Painted by Edwin Austin Abbey in 1897, the above painting, Hamlet, depicts the play (Murder of Gonzago) within the play scene from Act III Scene ii. This oil on canvas painting was originally exhibited at the Royal Academy, but it is now located at Yale University.
The lines from the play that are most closely associated with this painting are probably: “Give him heedful note/For I mine eyes will rivet tot his face,/And, after, we will both our judgments join/In censure of his seeming” (III.ii 89-92). Here Hamlet tells Horatio to watch King Claudius’s expressions closely when the scene of the murder comes. In the above painting, the viewer can see both Hamlet and Horatio watching Claudius closely for any indications of guilt. Hamlet is in the forefront in purple leggings, and Horatio is to the far right with his head turned so only his profile can be seen.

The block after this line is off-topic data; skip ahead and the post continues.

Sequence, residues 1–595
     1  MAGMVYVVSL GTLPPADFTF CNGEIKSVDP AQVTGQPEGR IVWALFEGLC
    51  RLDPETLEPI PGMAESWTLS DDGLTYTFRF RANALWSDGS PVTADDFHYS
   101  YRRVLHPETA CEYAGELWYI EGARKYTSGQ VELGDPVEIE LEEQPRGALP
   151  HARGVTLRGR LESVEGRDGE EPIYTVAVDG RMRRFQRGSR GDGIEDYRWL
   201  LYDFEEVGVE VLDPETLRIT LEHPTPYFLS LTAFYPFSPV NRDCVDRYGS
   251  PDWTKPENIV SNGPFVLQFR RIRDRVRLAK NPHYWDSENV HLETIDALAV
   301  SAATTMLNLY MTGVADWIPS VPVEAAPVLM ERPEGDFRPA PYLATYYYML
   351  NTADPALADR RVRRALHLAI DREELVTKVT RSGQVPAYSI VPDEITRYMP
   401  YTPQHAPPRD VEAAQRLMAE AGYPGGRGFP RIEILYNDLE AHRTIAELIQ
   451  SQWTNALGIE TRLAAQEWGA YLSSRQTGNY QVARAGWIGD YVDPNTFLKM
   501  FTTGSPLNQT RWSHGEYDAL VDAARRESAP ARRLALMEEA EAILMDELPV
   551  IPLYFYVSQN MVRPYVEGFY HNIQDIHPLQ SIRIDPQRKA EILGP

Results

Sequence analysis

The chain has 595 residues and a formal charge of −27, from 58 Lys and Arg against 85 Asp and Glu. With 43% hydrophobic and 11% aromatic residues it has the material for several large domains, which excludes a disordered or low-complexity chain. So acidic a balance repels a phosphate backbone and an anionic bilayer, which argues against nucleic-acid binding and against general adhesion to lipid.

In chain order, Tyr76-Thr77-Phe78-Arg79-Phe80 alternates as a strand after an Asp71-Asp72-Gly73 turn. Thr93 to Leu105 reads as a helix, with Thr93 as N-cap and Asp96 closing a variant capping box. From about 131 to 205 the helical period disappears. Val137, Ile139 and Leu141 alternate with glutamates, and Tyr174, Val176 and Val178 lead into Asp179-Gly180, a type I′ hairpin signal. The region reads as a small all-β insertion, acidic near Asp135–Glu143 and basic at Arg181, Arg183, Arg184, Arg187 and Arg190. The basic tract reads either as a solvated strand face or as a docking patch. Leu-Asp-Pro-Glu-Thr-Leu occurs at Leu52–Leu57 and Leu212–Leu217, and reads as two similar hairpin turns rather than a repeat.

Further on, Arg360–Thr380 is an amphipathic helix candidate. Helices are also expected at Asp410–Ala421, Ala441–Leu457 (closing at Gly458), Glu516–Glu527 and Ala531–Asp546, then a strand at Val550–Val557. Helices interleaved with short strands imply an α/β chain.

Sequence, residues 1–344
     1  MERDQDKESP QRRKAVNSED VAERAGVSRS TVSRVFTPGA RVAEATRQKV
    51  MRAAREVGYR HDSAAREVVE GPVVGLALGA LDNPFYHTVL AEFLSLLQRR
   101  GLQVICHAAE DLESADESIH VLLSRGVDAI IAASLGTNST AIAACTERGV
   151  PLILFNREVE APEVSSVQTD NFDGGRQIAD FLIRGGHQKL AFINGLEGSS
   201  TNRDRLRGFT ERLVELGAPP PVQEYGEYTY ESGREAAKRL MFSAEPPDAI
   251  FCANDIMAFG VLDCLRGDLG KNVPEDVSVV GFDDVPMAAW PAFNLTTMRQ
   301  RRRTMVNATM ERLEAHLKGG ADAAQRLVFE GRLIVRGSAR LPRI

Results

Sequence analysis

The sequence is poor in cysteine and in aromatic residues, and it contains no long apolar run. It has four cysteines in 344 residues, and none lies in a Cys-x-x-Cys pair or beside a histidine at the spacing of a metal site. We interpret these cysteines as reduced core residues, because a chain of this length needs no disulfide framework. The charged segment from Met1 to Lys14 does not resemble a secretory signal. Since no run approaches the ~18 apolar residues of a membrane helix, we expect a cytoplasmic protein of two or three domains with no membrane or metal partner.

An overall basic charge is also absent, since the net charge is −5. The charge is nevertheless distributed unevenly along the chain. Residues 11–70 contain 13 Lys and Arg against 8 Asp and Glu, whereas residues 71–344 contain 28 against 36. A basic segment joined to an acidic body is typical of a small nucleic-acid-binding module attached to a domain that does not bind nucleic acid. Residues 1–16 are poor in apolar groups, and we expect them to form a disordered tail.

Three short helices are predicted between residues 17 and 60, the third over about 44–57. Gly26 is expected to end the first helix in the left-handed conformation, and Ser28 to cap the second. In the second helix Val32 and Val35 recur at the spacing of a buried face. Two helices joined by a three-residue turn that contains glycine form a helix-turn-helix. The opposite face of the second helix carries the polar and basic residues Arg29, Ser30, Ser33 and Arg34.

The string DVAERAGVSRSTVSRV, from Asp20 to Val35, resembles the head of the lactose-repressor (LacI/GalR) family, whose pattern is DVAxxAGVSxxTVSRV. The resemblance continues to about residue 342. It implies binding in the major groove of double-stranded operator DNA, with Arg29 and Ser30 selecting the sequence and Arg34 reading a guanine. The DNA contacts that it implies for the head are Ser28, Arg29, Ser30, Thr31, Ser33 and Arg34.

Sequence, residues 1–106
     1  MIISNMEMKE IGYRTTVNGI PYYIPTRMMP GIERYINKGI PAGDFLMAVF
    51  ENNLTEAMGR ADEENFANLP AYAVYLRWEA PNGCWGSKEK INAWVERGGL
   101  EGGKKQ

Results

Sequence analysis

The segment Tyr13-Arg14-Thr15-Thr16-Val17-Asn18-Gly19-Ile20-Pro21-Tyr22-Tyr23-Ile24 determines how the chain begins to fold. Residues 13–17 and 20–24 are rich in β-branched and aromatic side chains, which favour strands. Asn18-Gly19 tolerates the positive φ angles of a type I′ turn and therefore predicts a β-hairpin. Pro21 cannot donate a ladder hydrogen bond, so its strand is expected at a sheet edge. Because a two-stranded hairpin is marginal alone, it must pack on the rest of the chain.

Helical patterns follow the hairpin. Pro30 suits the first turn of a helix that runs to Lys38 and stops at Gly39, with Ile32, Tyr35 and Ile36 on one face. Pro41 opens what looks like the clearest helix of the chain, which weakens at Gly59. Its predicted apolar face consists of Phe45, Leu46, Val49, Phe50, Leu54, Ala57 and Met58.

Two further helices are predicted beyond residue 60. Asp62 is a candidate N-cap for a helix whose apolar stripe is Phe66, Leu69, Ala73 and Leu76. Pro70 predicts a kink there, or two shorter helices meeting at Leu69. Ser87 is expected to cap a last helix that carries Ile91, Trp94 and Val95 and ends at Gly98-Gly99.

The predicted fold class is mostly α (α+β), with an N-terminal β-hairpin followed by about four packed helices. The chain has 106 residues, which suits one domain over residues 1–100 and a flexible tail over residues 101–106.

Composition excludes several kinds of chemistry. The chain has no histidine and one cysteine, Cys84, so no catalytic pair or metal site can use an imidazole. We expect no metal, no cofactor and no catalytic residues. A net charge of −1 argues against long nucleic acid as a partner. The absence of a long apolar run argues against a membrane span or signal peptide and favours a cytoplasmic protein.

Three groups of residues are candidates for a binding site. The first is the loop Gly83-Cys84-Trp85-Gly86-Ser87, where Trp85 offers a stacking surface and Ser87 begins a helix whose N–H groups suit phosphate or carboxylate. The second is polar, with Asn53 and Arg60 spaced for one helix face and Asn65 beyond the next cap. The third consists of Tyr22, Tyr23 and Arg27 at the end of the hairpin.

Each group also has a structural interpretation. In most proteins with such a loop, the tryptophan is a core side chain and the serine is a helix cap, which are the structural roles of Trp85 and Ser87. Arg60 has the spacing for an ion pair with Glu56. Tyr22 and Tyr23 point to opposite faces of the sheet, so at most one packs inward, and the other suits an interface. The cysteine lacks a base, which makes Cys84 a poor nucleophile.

Unlike other depictions of the play scene–such as those by Charles Hunt or Daniel Maclise–Abbey’s painting has a much more darker and sinister atmosphere. This scene is painted from the point of view of the actors on stage so that the viewers of the painting can see all the facial and body expressions of the play’s audience. Everyone except for Horatio and Hamlet are watching the play. Most, specifically Ophelia and Gertrude, watch indifferently, not fully aware of the meaning of the play. Interestingly, Gertrude is sitting on the far side of the bench, noticeably separate from Claudius; this could be Abbey’s interpretation of the play that Gertrude did not really love Claudius (and may have only married him for political reasons to maintain status as a queen). On the other side of the bench is Claudius who looks evil and almost mad. The most interesting part of Claudius’s figure in this painting is that there is a serpent on his robe. This serpent serves as a symbol of his evilness as well as a reminder to the reader of the happenings in Act I; King Hamlet’s death was known to be caused by a snake bite, but the Ghost of King Hamlet tells his son that “the serpent that did sting thy father’s life/Now wears his crown” (I.v. 46-47). This dark and evil mood of both King Claudius and the overall atmosphere of the painting is further depicted by the flames in the far background. The satanic flames leap and blaze in the background, representing both the evilness of the King and the corruption he brings to the Royal Court.